Charlie’s Angels movie review: Kristen Stewart is stuck in a joyless exercise

Kristen Stewart, Ella Balinska and Naomi Scott in Charlie's Angels
Kristen Stewart, Ella Balinska and Naomi Scott in Charlie’s Angels, courtesy of Sony

19 years ago, McG reinvented Charlie’s Angels as a movie. In 2000 that meant it reflected the ethos of the millennium. Action scenes utilized Hong Kong style wirework popularized by The Matrix, and a cheeky self-referential tone.

In 2019, Charlie’s Angels still reflects the modern era of moviemaking. Unfortunately this Charlie’s Angels didn’t copy the incredible style of action movies like John Wick or Mad Max: Fury Road. It copied the filmed too close, too shaky and chopped together style of the usual studio action films. That’s Charlie’s Angels for 2019, all right.

Charlie's Angels 2019
Charlie’s Angels 2019, courtesy of Sony

Perhaps one of the biggest problems is that Charlie’s Angels aren’t even a team when this movie begins. Sabina (Kristen Stewart, or K-Stew for short) is seducing a bad guy when the Bosley (Patrick Stewart, or P-Stew for short)‘s team busts in to capture him, led by Jane (Ella Balinska).

Sabina and Jane don’t even like each other, but they’re not reluctant allies. They literally don’t even work together for another year. And at this point you may notice another glaring problem, there are only two angels.

The third in the trio is Elena (Naomi Scott) who works for a tech company designing a device called Calisto. Elena warns the company that Calisto could be used for evil if it falls into the wrong hands, yadda yadda yadda, Sabina and Jane have to protect Elena from assassins.

Kristen Stewart in Charlie's Angels
Kristen Stewart undercover in Charlie’s Angels, courtesy of Sony

Charlie’s Angels doesn’t have to be a sendup again like the 2000 version and its sequel, but it has to have a tone. Another characteristic of modern films is a lack of vision. Charlie’s Angels is another studio movie that just does everything with no intention. It’s like not having a take on the material is your take.

The angels sometimes kill enemies brutally, or alternatively disarm others whimsically. You can’t really do both unless you have a really great idea about why some get one punishment and others don’t. They wear flamboyant costumes while they fight and kill but it’s not really deadpan about the absurdity. It’s all just there.

Also, have Charlie’s Angels ever killed before? I know they always got the bad guy at the end of the movies, but did they brutally kill henchmen along the way? Admittedly I didn’t watch the TV series so if it was gritty bloodshed on prime time, feel free to correct me.

Kristen Stewart in Charlie's Angels
Kristen Stewart in Charlies Angels, courtesy of Sony

Any hints at a smart modern take are abandoned. Sabina checks out women while she cavorts scantily clad in front of the camera. Now, that’s major to have a lesbian heroine with the libido of James Bond (and the impulse control of Ace Ventura). Sabina unfortunately drops that bit for the bulk of the movie, preoccupied by betrayals and evil plans that do not need this much explanation.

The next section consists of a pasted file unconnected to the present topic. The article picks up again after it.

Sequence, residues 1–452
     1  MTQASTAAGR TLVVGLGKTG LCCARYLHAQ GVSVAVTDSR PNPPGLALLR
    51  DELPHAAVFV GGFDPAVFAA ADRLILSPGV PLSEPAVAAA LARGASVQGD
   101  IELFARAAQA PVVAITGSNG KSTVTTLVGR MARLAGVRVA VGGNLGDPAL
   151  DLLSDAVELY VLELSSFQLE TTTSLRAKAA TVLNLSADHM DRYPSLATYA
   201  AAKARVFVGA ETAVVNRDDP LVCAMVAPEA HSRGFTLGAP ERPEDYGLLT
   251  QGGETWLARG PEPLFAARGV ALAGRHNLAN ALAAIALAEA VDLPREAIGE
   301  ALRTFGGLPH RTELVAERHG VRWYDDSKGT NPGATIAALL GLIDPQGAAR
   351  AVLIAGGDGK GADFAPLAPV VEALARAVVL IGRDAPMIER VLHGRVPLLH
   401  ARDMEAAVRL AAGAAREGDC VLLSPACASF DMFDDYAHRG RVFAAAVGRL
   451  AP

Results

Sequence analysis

This Charlie’s Angels is in continuity, or retcon at least, via a very stupid Photoshop joke. Seeing previous iconic outfits in the Townsend Agency closet is a better reference but it’s too little too late at that point.

Kristen Stewart, Ella Balinska and Naomi Scott
Kristen Stewart, ;Ella Balinska and Naomi Scott in Charlie’s Angels, courtesy of Sony

The film doesn’t even open with the Charlie’s Angels theme. It’s just modern music over a montage of young girls and extreme female athletes. If the point was empowerment, no connection was made to the proceedings in the film. Again, it’s just there.

The music in McG’s movies were throwbacks used ironically. If the modern music in this Charlie’s Angels has a theme, I can’t tell because every single track sounds exactly the same. I know I’m middle aged, but if every song is trance/club music then what is it besides a lazy beat for the editing.

Ella Balinska and Kristen Stewart
Ella Balinska and Kristen Stewart star in Charle’s Angels, courtesy of Sony

There is a dance number in this Charlie’s Angels but it’s when they’re infiltrating a party so it’s just part of the plot. It’s like they knew they needed a dance number but forgot to have fun. 2000’s Charlie’s Angels had Cameron Diaz dancing in her underwear as an overt callout of the film and films like it ogling its stars, and Diaz was in on it. Nothing in this Charlie’s Angels is that self-aware.

Another trait of 2019 movies is Charlie’s Angels does not know when to end. This is an era where length doesn’t matter. They’ll have five screens per multiplex so can still fit in all their showtimes and never have to trim a Batman reference or exposition.

Charlie’s Angels is in theaters Friday, November 15.

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